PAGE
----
The Toronto Raptors are officially in a new era

Some things never change, and some things do. Either way, a win to start the season.

Monotony has countless results. It can yield efficiency, hive-minded and drone-like. It can yield consistency, the ability to hit targets with your eyes closed. But perhaps more than anything else, it can result in boredom. The yawning chasm of trying nothing new. 

The Toronto Raptors hadn’t played an exciting brand of basketball for years now. They have been mostly good, but they have been monotonous. In plenty of indexes that you can use to describe “fun” basketball -- 3-pointers, dunks, drives, passes -- the Raptors have been at the bottom of the league. They have been a monotonous eye-sore, the ghost of Dwane Casey pounding the rock with Fred VanVleet and Pascal Siakam taking over the mantle from Kyle Lowry and DeMar DeRozan. They have been in many ways successful, but they have also been relatively boring. 

The Raptors can finally embrace the unknown. Who will be in the 10-man rotation on any given night? Uncertain. Chris Boucher found himself on the outside of the rotation after a great preseason, but Darko Rajakovic insists he will play at some point. Where will Pascal Siakam play in a month? Hard to say. It's clear the team's new priorities do not center him. The team’s focus has drifted from a metronome obsession on the present to a free-jazz dream of the future. That is freeing. It is exciting. A hyperfocus on the now takes its toll, both physically and emotionally.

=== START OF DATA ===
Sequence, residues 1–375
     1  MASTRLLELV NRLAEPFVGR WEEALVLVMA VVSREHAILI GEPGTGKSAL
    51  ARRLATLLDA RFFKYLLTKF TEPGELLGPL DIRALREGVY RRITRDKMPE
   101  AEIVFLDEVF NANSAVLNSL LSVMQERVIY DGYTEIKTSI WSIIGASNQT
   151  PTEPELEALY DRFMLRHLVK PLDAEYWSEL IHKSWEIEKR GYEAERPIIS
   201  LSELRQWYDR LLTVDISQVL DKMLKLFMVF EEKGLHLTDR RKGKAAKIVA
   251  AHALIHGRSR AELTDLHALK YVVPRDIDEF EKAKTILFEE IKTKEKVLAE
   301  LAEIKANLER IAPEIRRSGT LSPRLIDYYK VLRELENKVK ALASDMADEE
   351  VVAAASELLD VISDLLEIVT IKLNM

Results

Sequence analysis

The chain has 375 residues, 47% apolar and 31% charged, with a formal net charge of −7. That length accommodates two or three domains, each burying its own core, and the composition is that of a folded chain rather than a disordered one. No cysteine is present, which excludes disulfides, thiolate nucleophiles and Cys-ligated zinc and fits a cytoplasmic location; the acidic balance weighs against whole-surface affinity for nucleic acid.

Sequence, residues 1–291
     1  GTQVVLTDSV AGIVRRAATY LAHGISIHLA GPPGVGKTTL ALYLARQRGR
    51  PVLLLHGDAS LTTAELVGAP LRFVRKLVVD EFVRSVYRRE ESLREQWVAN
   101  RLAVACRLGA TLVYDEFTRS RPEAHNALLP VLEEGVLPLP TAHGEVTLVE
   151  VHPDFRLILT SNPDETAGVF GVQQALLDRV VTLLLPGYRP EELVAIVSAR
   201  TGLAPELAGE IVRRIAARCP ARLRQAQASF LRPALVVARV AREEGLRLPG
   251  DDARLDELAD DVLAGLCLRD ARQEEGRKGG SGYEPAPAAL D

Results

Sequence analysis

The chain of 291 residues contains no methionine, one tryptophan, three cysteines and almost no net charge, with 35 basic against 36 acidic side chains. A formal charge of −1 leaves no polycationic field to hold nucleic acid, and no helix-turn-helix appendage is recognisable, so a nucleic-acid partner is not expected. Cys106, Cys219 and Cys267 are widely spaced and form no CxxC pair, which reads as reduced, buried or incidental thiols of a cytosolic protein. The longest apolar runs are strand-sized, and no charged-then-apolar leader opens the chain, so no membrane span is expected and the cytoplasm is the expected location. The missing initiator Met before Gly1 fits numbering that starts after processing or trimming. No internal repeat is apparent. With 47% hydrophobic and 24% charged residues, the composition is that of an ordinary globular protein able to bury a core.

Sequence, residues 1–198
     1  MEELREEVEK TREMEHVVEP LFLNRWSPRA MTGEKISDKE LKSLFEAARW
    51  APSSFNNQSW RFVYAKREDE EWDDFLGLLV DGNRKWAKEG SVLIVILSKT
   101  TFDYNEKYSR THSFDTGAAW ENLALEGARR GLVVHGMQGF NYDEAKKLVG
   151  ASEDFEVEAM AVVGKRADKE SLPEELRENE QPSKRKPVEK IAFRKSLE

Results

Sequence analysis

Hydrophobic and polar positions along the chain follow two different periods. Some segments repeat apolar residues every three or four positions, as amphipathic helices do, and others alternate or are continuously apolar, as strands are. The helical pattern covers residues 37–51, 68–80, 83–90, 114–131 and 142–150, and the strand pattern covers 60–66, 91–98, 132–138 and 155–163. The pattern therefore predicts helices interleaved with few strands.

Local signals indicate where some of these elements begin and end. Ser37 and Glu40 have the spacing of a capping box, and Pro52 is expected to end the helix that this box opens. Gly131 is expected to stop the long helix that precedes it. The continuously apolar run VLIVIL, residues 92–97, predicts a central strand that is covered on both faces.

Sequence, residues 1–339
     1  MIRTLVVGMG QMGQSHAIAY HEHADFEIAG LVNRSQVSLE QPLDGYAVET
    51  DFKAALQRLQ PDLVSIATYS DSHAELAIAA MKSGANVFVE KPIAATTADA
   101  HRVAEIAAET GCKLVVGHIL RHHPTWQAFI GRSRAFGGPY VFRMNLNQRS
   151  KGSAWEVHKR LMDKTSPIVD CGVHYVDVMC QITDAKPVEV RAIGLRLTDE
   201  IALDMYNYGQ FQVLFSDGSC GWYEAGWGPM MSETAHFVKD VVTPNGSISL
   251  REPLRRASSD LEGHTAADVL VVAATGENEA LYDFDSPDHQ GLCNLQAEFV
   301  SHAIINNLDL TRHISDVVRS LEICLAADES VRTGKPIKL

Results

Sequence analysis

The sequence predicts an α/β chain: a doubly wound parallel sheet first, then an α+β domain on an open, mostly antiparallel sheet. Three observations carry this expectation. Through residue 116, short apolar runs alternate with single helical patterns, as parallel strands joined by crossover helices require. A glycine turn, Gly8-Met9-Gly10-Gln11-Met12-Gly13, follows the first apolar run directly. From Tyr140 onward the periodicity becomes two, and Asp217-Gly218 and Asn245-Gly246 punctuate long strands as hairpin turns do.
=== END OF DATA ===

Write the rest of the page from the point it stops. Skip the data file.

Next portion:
Last year, the Raptors played their starters more minutes than any other team in the league in a Sisyphean quest to win games and make the playoffs. They traded a first-round pick for Jakob Poeltl to fix their flaws and get back to winning. They strove and clawed and ended up falling flat on their faces for all their effort.

Now they’re just playing with vibes and seeing what happens. For one night at least, those vibes were good enough. The defense was stellar, the transition offense was great, the shooting was good, and nothing else mattered.